Workers’ compensation is a benefits system that covers more than just injuries that occur after a workplace accident or while performing work-sanctioned activities. In California, it also covers trauma that develops from repetitive actions and prolonged exposure to occupational health hazards. Workers’ compensation claims involving cumulative and occupational hazard trauma are not as cut and dry or easy to navigate.
Unlike specific injury cases where the cause of injury is often less difficult to ascertain, repetitive injuries and occupational ailments arise from nonspecific events and multiple issues that take time to develop. Many employers dispute the veracity of these claims to avoid paying out benefits. Employees who believe their work-related injuries are the result of time and multiple exposures should take time to review the basics of occupational illness and repetitive trauma and how they may pertain to their circumstances.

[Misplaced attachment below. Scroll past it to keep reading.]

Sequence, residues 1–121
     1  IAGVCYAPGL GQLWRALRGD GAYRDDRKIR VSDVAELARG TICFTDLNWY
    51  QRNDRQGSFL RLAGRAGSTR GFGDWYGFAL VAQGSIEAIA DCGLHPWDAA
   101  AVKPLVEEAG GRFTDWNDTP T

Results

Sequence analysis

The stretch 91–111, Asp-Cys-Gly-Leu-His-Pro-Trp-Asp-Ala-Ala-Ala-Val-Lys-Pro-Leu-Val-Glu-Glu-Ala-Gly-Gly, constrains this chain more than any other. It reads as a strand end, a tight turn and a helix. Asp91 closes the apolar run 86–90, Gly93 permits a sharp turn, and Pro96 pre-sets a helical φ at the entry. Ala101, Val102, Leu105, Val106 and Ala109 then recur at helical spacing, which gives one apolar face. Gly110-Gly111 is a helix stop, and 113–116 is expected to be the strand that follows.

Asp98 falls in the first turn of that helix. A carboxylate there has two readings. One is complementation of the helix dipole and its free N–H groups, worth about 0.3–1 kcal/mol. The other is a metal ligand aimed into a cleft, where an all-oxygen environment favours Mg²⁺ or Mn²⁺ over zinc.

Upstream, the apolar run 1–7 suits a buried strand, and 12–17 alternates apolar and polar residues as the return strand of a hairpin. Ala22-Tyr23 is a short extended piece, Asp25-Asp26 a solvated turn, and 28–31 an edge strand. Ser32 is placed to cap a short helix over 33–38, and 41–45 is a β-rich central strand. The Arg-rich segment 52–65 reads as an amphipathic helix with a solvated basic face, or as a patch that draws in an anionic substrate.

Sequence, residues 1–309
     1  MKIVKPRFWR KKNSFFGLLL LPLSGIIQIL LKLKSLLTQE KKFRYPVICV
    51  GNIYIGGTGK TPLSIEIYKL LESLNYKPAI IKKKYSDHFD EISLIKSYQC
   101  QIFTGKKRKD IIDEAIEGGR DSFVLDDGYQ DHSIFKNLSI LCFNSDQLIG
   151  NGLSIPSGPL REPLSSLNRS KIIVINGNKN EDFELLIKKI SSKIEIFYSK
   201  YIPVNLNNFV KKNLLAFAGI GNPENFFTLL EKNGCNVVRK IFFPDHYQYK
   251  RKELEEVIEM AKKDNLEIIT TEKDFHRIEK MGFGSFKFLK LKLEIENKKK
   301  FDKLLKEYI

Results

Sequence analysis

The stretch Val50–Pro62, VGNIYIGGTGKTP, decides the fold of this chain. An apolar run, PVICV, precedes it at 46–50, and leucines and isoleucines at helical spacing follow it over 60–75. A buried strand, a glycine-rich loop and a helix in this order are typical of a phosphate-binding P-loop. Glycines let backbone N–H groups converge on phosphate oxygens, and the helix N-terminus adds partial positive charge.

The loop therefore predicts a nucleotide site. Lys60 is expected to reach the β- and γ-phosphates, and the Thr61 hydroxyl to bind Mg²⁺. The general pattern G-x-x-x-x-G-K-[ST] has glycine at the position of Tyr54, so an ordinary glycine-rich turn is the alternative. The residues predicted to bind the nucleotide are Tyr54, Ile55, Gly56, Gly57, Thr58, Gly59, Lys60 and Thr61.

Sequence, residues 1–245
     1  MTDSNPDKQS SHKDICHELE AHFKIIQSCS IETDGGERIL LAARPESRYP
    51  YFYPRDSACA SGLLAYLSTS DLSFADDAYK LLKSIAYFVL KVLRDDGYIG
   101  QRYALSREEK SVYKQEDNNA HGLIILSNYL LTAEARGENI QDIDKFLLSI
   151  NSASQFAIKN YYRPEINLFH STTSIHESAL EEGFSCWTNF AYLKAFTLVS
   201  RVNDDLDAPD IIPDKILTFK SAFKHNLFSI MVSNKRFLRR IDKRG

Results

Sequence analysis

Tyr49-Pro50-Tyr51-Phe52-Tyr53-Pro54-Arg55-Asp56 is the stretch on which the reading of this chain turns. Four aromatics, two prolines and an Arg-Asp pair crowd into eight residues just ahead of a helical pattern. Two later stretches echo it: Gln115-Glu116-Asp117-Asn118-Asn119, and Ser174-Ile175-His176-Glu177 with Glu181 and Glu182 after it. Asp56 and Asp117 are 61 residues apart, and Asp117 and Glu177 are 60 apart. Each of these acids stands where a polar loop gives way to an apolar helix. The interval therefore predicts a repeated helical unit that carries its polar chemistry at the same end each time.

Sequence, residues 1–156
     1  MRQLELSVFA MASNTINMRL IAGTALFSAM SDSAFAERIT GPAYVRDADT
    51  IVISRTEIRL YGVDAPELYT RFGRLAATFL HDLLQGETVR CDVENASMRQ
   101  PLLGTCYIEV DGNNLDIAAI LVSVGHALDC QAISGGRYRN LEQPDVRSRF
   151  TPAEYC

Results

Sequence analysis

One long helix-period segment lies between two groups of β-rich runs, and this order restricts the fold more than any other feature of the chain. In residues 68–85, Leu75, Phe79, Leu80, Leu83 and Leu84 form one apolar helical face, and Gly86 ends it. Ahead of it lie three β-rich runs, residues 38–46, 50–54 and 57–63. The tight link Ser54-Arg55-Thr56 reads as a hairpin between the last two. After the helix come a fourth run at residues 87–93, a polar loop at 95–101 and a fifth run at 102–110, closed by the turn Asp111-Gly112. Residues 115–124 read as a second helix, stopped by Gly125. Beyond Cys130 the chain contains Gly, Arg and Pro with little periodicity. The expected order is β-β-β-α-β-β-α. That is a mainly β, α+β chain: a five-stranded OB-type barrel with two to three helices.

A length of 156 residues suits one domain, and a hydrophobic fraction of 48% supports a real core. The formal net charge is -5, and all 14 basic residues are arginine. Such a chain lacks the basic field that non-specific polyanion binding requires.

What is a repetitive injury?
Repetitive injuries can happen from everyday movements that normally do not result in trauma. Performing the same task or action repeatedly over the course of months and years can cause some people to experience changes in their health that interfere with their ability to perform work tasks and live without pain, discomfort and/or challenges. One example of a repetitive injury is a nurse who regularly lifts patients and heavy medical equipment for 10 years. During the course of employment, nurses may develop back strain, dislocated discs and other spinal issues that prevent them from performing their job. Another example is a secretary who develops carpal tunnel syndrome that prevents movement of the fingers after entering data into a computer for several years.
What is an occupational trauma injury?
Cumulative trauma or occupational illnesses occur from repeated exposure to toxins and occupational hazards. Most types of cumulative injuries take years or even decades to develop, making it difficult for many workers to get medical treatment during the early stages of their conditions. By the time some employees realize their symptoms are due to an occupational hazard exposure, their lives are irrevocably changed, and they are permanently impaired/disabled. An example of cumulative trauma that stems from chemical exposure is carpenters who develop lung cancer or mesothelioma after encountering asbestos and other harmful substances during the course of their career.